Revision Control using Tortoise SVN

As I mentioned previously, now that I have decided that I really enjoy blogging and plan to stick with it, it's time that I start putting some work into my site. So how do I make (possibly) sweeping changes to my site without risking a misstep that will flush everything down the toilet?

Well the first thing that I need is some sort of Revision Control System. Revision/Version/Source Control software allows you to track all changes that you make to your files and to compare different versions and roll back to whatever version that you choose. It's particularly useful if you have multiple people working on a project as it usually has mechanisms in place that help you resolve changes made by different people and it keeps everyone on the same version of the project.

The concept is simple. Change a file, check it in. Change something else, check it in. Think you made a mistake, compare versions and roll back if need be. Roll out to test. Find a bug, fix it and check it in. Once the release is solid push it to production. If you find a bug in production you can pull the last release from source control and roll back to it.

Some common/popular open source solutions include Subversion, GIT, and CVS. I had previously heard good things about Tortoise SVN (a Subversion Client), which won the SourceForge.net - 2007 Community Choice Award for Best Tool or Utility for Developers. It's a shell extension so integrates directly into windows explorer, which makes it very easy to use.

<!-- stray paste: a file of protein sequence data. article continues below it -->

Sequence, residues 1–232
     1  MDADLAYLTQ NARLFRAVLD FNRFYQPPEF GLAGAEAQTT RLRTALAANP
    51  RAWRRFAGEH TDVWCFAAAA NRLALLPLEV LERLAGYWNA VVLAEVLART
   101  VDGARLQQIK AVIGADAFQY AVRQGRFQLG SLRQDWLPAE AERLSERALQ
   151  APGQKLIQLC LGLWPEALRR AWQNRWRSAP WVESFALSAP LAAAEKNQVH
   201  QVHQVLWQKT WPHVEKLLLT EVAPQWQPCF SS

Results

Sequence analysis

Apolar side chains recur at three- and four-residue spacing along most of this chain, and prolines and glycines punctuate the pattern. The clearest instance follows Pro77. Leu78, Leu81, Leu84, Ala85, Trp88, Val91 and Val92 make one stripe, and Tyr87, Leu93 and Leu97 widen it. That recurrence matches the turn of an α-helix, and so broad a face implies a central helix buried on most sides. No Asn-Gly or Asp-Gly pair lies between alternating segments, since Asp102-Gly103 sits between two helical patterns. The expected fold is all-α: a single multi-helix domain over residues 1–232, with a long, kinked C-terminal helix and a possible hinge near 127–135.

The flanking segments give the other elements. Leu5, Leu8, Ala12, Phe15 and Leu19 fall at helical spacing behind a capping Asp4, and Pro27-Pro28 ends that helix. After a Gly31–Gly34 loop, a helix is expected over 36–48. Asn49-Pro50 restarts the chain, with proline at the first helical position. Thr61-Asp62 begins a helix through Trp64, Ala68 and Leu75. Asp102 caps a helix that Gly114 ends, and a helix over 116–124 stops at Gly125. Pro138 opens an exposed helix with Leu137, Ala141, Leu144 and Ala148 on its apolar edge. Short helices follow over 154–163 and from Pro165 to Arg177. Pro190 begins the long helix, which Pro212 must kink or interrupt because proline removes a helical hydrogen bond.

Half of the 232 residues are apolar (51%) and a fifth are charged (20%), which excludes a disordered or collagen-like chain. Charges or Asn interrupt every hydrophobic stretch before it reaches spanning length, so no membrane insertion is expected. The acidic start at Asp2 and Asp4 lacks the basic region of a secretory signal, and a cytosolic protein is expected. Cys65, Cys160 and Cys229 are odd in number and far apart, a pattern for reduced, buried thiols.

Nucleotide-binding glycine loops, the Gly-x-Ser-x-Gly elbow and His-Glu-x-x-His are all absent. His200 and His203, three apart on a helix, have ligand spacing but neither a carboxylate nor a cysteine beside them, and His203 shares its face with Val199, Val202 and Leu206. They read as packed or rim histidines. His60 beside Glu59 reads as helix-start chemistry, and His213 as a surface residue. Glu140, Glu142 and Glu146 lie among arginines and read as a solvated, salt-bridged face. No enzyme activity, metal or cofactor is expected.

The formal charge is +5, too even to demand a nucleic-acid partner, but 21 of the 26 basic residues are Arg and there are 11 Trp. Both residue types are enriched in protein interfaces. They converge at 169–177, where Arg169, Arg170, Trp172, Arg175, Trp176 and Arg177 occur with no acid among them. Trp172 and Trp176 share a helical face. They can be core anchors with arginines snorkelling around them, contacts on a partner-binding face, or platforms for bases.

It took me about 15 minutes to create a repository and get a handle on the basic functionality. It was all fairly intuitive. Right clicking on files allows you to access a context sensitive menu. The "SVN Commit" command saves your changes. The "SVN Update" command pulls the latest version of a file or directory down. A sub menu provides more advanced features.

It would be nice to have it accessible from the Visual Studio IDE and I understand there is at least one Subversion Client that lets you do just that for a price, but I wanted something free and for the small scope of this and other projects that I'll be working on Tortoise SVN is more than enough. Also because it inserts itself into windows explorer it is not limited to software development but can be used on any files that you need to track versioning on.

P.S. I've added a post on how to rollback or revert a file using Tortoise SVN since many of you seemed to be looking for that info.

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